Alton Evening Telegraph from Alton, Illinois on June 29, 1960 · Page 14
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Alton Evening Telegraph from Alton, Illinois · Page 14

Alton, Illinois
Issue Date:
Wednesday, June 29, 1960
Page 14
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Page 14 article text (OCR)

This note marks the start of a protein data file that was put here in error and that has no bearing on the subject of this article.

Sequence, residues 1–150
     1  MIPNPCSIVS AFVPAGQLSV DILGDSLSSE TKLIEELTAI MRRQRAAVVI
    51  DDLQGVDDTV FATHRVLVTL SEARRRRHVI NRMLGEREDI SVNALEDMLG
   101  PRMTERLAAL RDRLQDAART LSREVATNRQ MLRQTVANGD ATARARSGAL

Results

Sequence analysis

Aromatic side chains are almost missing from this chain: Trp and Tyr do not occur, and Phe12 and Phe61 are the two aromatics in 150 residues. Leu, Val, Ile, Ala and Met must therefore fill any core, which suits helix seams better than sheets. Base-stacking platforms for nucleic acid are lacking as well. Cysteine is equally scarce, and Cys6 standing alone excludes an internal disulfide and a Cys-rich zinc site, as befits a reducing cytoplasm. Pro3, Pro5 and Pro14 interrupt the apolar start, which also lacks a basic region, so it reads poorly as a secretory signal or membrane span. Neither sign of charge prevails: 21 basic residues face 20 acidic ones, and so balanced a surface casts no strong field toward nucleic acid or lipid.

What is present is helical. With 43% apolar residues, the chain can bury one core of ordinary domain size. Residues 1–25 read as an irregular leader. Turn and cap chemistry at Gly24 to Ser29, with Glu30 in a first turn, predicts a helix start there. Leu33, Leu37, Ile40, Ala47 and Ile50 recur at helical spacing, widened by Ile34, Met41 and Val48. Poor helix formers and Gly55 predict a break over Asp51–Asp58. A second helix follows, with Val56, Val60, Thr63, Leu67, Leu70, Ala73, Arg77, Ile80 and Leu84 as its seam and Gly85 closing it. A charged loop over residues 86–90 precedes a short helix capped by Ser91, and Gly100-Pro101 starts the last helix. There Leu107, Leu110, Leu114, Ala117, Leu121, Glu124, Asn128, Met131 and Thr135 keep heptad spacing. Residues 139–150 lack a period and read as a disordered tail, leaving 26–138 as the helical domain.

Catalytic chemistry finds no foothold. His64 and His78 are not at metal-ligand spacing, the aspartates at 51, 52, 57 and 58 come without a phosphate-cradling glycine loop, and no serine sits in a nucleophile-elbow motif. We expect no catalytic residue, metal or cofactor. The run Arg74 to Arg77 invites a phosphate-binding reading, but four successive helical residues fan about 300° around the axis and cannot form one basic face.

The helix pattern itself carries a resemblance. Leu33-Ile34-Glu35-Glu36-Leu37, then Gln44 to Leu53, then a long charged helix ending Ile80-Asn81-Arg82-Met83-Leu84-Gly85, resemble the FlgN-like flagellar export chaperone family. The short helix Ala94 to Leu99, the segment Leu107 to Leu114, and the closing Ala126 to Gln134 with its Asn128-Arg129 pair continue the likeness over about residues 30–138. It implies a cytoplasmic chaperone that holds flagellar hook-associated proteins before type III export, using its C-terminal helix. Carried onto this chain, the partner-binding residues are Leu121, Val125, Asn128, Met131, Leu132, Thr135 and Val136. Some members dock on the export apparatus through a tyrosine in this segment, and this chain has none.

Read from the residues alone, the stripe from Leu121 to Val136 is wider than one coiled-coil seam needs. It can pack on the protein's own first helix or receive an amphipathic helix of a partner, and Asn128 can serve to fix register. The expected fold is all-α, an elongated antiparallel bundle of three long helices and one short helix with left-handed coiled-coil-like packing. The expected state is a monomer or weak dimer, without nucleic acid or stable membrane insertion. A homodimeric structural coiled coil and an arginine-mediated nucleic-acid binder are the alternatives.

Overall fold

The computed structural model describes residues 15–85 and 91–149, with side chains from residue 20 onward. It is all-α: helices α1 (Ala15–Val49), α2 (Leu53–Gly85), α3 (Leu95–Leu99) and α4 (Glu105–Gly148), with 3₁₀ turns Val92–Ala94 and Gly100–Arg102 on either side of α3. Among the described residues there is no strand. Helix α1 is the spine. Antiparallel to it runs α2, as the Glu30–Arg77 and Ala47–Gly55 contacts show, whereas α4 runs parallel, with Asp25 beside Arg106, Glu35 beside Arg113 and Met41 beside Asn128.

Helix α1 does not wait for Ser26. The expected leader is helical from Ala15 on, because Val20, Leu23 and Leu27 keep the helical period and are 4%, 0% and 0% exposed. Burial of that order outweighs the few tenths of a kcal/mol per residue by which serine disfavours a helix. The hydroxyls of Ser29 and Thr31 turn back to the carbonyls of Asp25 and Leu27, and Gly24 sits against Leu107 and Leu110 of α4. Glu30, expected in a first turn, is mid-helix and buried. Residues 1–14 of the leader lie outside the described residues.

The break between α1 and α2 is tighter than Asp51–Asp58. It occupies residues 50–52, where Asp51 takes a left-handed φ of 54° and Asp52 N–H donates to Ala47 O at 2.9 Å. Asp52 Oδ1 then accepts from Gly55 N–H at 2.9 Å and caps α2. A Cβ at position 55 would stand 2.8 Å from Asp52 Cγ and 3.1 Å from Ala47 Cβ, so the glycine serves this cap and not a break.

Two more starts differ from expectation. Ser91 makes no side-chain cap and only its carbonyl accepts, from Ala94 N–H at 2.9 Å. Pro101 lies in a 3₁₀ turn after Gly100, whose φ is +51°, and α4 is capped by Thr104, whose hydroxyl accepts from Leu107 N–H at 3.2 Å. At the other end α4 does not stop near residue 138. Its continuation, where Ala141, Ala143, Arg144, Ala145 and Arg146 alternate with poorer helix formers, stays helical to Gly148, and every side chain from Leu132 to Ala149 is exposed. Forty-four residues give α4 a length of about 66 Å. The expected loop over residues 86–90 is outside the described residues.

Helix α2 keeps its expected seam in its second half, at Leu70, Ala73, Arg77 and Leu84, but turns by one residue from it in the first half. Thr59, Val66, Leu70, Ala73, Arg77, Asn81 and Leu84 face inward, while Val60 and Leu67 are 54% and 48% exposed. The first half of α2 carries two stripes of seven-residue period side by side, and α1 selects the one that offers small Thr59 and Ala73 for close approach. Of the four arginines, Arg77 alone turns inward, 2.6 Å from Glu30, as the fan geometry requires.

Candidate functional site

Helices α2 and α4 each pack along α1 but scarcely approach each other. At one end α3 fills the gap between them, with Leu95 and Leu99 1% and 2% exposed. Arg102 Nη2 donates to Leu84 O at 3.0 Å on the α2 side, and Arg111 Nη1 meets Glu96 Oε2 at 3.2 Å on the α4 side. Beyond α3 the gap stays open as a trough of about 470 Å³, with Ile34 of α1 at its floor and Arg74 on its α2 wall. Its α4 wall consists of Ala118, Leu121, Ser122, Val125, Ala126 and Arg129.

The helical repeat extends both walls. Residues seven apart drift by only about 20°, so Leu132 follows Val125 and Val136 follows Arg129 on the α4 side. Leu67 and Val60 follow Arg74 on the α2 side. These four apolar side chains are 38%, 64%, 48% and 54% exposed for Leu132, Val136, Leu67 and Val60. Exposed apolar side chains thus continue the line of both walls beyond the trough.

WEDNESDAY, JUNE ft, 1060 ALT&N EVENING TELEGRAPH ON RIFLE RANGE Boy Scout'Camp Warwi Livl*, a gummer-tfttie Institution In Alton and ticlhltJrV Hied a ftve-week camping •ton last weak -with 71 boy campen. The camping program is built •round a lay-out of facilities set tip In dispersed areas, designed to advance the camp* era in tne field of scouting. As In past years, camping I* by troops, each with its own tent area, not on an individual basts. The idea behind' the whole thing, says Gordon Hansen, camp director, is to provide facilities for boys to advance in scouting and do so on a retrea- tion-like basis. Boredom, he says, is not one of the attitudes fostered by the camp. the Staff Hansen is aided and abetted by Jack Bowers of Alton, assistant camp director, Tony Kardls, also .of Alton, a senior at University of Illinois, director of field sports, and Stanley Hunter of Alton, a senior at Kansas University, director of the swimming pool, lake, boating activities and the like. Duftne Price of Jerseyville and Bernle Mennemeyer of Rosewood Heights are assisting Hunter. At the camp last week, the ELABORATE PROJECT 1 Terry C arm can, (bottom right) of, dian headdress for an Order of the Ar- Alton Explorer Post 180 draws audl- row ceremony at the camp last week. • ence for task of preparing elaborate In- __•____ _______ opening period, were Explorer Post 105 of Cottage Hills with the post adviser, Ruben McCain, Scoutmaster Patrick « Coburn and Troop 4, Scoutmaster Gil- bert Burnam and Troop 79, Scoutmaster Dewey Bail and Troop 25, Scoutmaster Leonard McCalla and Troop 82, Scoutmaster Harry Alton and Troop 7, and Scoutmaster Zeke Perez and Troop ,24. Boys have a choice of activities, but are encouraged to enter Into all phases, Hansen says. HOT DAY SPORT Swimming at Camp Warren JLevis is both a relax- ming is taught those who need lessons and advanced ing form of recreation and a purposeful sport. Swim- swimmers get instruction in life saving. Norman Leggett of South Roxana, at camp last week, draws bead on bulls- eye on rifle range at Boy Scout Camp. Instructor is Tony Kardls, field sports director at the camp.—Staff Photo. I Set Up Schedule Troops scheduled for a week at the camp arrive on Sunday, go through a physical exam, their swimming categories are set up -and they get located in their several troop areas. They sleep in tents on mattresses, two to a tent. At a campfire meeting they are given the rules of the camp. At 10 p.m. on the opening Sunday, after things have simmered down for the night, the fcoutmasters meet with Han- sen and .preferences of the different troops are hashed over and the different activity areas are scheduled. "We chart it all out and troops are designated for a given area at a given time. It goes on*a big blackboard and everybody knows," Hansen says. The camp obstacle course Is located in one place and the troop using it can struggle over walls and skin over logs during their given time, then they move to the rifle range or knot- tying area, according to the schedule. Water Sports An elaborate swimming and boating program has been set up. Beginning swimmers' are segregated and -taught how. Plain swimers are assisted in attaining the bracket of expert —and experts are drilled in lifesaving work. A large lake is used lor boating, principally in canoes. There is a woodcraft area and boys go in for plain chop- MO-SKEET SHOOTING Robert Turtle of Wood River (left) releases small clay pigeons for Arthur Grange on the mo-skeet range at Boy Scout Camp Warren Levis. ping and log work In this. jwith small-bore scaUer-shot. There is a rifle t;ange ami) Interspersed, chiefly In the here the rudiments of squee/Hcvenings, arc carnpflre pro- ing off a shot, at targets are taught by Kaidis. Potential shotgun grams. Order of the Arrow ceremonies, elc. artists! "Belter than anyplace else, {learn on a modified scale on a ! Mo-skeet shooting range where I small clay - pigeons are shot boys can advance in _ rank and can earn merit badges here," Hansen asserts. PICTURE YOURSELF ON A PICNIC WITH THIS KODAK CAMERA •Bated on companion to other cameras sold at retail ANYONE FOR MARS? Chances are there's more than one budding astronaut in this bright-eyed group. Aa in any other classroom in the land, there are probably several potential teacher*, too ... along with a sprinkling of doctors, scientists, linguists, engineers and poets. Let's hope so. Let's hope that all the bright-eyed youngsters in all the classrooms in this great country of ours will have every opportunity to make the most of their God-given talents. Let's hope they go to tint-rate colleges and Universities, where they Kill be trained to be useful and productive citizens. We're going to need them all in the critical years that lie ahead. Yet what are their chances? Today the college classroom, the place where future brainpower is generated, is being seriously weakened by two alarming trend*: (1) Low faculty salaries are driving great numbers of gifted teachers into other fields, and doing little to attract talented young people to the teaching profession. And (2) physical facilities, in some cases already inadequate, are not being expanded to take care of mushrooming enrollments. (College applications are expected to double within ten years!) This is a serious situation, and we must do something about it now! Our future as a nation depends on it. Won't you help? Support the college of sour choice. Help it to pay teachers decent salaries ami the reaped they so richly deserve. Help it to build the classrooms, laboratories and libraries that will be so desperately needed by 1970. The rewards will be greater than you think. ____„_ It»important for you to know what th» college crisii mean* to you. Write for o free booklet to; HJOHIR EDUCATION, Boi 36, Time* Square Srgtion, New York 36, New York. Sj)0M0f«4 u« « ttnict, m ao-optratwn wttk Tin Council tor FtwncwU Aid (0 Education, fry Alton Evening Telegraph SUPER * STRENGTH ALCOA WRAP Excellent pictures without focusing or fussing! Kodak's Brownie Bullet camera is easy to carry, takes black-and- white or color on regular 127 film, has optical viewfinder, handy strap. And whole Kodak's Brownie Bullet camera snaps the picnic fun, Alcoa* Wrap makes your work a snap! No basting, no leaking, no scorching, no cleanup with this stronger, rip-resistant foil. ORDER TODAY! Hurry! This offer is limited. Just tear off Better Packaging Label f mm Sap of any box of Alcoa Wrap. (See illustration at right.) Mail with $2 to the address on the coupon, and this Brownie Bullet camera is yours! MORE PICNIC PLAYTIME FOR YOU WITH SUPER-STRENGTH ALCOA WRAP •UTTERED CORN ON THE CO! At Home Brush well Mr with melted real butter; season with salt, pepper; wrap m a damp paper towel. Place on square of Super-Strength Alcoa Wrap. Pull foil close around corn; ceal In light double fold; twist end* securely. Alcoa Wrap's Super- Strength help* prevent rip* even when pulled taut around com . . . hold* In juice* dtir- ' ing cooking. At Picnic: Grill corn over medium coal* 20-25 miauls* turning frequently. HOT CHIU FIANKS At MMIV Sptt frankfurter bun*; partially fill wttfc Chill Con C*rne. canned or home made. Wrap each filled bun in tquar* of Super-Strength *i«oa Wf«p. u*ing tigfct double. Wd*T * ** At Mb r)*6f bun b*ck Attach thf* Better Packaging Label to order. Watch "Alcoa Theatre" end "Alcoa Present*." See your newspaper for time and MaUon. FIVE DIFFERENT FOILS FOR EVERV USE v.; *« it rort»*| Ja^fiAl^feffXa^SB^^sM^jMAMffclftifk *^r"^W^'HS^^W^wWs^M^rW __i or aid* - ... w^. medium heat, while tailing frank*. Allow to miauJ^ thoroughly h*** fitted turning: frequently. To Open bun package* feroiled fran* in *^*^* tethetoit HMM f«* my canw/aW to *•*, \